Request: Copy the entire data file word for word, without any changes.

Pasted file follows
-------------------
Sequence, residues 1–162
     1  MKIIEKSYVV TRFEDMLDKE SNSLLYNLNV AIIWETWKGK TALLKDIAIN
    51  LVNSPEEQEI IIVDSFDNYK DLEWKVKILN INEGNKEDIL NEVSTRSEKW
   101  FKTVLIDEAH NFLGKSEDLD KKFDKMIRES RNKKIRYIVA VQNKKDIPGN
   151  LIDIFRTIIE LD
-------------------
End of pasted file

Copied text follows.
Sequence, residues 1–162
     1  MKIIEKSYVV TRFEDMLDKE SNSLLYNLNV AIIWETWKGK TALLKDIAIN
    51  LVNSPEEQEI IIVDSFDNYK DLEWKVKILN INEGNKEDIL NEVSTRSEKW
   101  FKTVLIDEAH NFLGKSEDLD KKFDKMIRES RNKKIRYIVA VQNKKDIPGN
   151  LIDIFRTIIE LD